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Impact of the Credit CARD Act

Heading back to school? Find out the impact of the Credit CARD Act on college students and the marketers and credit card companies who do business with them. Could this mean no more late-night pizza runs and spring break trips to South Padre Island? Get the scoop.

The Credit CARD Act (Credit Card Accountability, Responsibility and Disclosure Act of 2009) gives parents and guardians more responsibility for their children’s credit cards unless the young applicants can demonstrate the income to qualify.
Here’s the impact of the Credit CARD Act on college students:
  • People under 21 must have a parent or guardian co-sign for credit cards, unless they can show proof of income or a means of repaying debt, as consumers over 21 must do. The co-signer must also consent to a bigger credit line, instead of an automatic increase.
  • Credit card issuers will no longer be able to market pre-screened offers to anyone under 21.
  • Colleges, universities and alumni associations will be required to disclose credit card “affinity agreements,” where they share student and alumni contact details in return for a revenue percentage when applicants sign up.
  • Credit card companies will be prohibited from giving students goodies like T-shirts or pizza in exchange for filling out a credit card application.
  • Minors will still be allowed as authorized users on their parents' credit cards.
Why do college kids need credit cards, anyway?
The purpose of the Credit CARD Act was to prevent students from graduating with heavy debt loads. But establishing credit is an arguably important step toward financial independence for young people, who will need a good credit record to lease an apartment, land a car loan, qualify for a good rate on car insurance or maybe even get a job.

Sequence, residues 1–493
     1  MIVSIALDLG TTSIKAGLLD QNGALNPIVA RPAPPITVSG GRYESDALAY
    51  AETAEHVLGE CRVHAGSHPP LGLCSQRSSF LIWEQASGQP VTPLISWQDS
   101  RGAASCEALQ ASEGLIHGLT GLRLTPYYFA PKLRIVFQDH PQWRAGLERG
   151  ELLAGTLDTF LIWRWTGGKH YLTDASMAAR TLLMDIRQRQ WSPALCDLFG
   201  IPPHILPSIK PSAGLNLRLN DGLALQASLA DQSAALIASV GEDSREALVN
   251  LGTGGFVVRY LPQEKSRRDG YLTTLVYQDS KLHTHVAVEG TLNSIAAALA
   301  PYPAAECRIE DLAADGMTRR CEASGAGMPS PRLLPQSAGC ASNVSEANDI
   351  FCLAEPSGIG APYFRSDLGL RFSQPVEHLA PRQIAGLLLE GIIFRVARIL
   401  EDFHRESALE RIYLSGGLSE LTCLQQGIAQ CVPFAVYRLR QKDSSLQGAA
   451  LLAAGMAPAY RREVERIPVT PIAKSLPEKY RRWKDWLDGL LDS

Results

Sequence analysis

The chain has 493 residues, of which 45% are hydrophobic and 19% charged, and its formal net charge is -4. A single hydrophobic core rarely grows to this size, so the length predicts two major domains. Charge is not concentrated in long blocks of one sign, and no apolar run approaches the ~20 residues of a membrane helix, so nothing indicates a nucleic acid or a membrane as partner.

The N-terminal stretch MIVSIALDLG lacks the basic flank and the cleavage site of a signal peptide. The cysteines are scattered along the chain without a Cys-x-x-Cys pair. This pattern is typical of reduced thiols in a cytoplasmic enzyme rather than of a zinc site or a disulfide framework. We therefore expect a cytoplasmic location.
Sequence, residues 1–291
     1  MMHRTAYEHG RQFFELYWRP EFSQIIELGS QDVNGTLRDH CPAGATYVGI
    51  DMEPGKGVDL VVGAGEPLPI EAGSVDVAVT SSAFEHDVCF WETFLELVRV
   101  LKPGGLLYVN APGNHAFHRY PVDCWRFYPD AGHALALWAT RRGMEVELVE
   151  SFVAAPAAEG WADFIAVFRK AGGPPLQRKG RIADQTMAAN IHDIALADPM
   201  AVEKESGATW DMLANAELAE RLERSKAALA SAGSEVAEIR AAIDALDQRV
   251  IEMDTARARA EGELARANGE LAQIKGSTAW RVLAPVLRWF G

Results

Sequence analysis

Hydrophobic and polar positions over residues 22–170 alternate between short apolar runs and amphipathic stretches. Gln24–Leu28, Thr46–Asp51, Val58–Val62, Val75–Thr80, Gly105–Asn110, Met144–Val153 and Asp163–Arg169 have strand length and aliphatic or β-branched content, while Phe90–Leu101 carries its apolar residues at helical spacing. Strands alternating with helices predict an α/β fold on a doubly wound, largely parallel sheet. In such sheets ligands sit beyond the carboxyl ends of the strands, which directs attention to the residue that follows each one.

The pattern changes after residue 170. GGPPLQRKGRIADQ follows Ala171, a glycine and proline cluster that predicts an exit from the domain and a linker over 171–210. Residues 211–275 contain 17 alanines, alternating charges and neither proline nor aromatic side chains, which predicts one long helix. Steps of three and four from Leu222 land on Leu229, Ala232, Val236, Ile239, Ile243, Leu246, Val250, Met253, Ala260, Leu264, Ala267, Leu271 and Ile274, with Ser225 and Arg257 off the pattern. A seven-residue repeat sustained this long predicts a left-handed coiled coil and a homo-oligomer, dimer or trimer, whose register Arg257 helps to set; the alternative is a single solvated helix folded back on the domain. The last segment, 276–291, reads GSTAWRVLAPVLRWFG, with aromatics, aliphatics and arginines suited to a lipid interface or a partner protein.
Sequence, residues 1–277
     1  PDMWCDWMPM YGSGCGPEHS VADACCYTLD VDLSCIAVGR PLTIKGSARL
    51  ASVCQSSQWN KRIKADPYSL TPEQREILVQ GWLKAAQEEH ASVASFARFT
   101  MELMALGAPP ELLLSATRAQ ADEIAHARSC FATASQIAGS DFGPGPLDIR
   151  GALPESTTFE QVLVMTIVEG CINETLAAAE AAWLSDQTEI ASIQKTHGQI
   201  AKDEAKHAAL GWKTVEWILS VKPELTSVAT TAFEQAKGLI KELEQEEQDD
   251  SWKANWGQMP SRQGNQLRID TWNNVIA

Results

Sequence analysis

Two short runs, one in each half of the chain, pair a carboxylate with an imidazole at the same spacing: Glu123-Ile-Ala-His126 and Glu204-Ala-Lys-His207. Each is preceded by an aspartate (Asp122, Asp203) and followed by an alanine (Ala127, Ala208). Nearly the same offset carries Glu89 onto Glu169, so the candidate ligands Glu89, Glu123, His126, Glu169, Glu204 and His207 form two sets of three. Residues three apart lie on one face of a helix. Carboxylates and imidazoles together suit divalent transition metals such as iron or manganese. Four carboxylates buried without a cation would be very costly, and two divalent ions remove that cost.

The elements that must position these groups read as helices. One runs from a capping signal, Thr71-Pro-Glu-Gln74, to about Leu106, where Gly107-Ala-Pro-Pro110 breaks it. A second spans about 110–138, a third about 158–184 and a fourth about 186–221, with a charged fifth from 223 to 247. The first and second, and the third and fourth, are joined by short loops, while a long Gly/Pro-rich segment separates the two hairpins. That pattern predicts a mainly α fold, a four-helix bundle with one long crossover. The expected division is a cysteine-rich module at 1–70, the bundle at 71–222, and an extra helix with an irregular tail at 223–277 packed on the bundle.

Fortunately, alternatives to credit cards exist:

Secured credit cards
Consumers have traditionally used secured credit cards to begin establishing a credit history. Card issuers ask for a deposit--$500, for example—which becomes the card holder’s credit limit. Otherwise, it’s much like a credit card, with monthly statement and cardholder activity reported to the credit bureaus.

Debit cards
Use a debit card to pay at a cash register and the money’s instantly debited from your bank account, rather than accumulating a debt you have to pay back. Disadvantages: you have to have the money up front, and it won’t help you establish a credit record. Advantage: nothing to pay back.

Pre-paid cards
Pre-paid cards fall somewhere in between the two, where you deposit cash in an account that you’ll spend, like a checking account. Some pre-paid cards claim to help you establish a credit history.

If you or one of your children is off to school, these alternatives to credit will allow them to learn a sense of financial responsibility without getting into large amounts of debt. Compare cards and rates to find the one that’s best for your situation.
Now that you know more about the impact of the Credit CARD Act on college students, get your Credit Report and Score.
The Details about the Credit CARD Act
Credit Management: Five Simple Steps Toward Better Credit
Freedom's Just Another Word for Nothing Left To Pay
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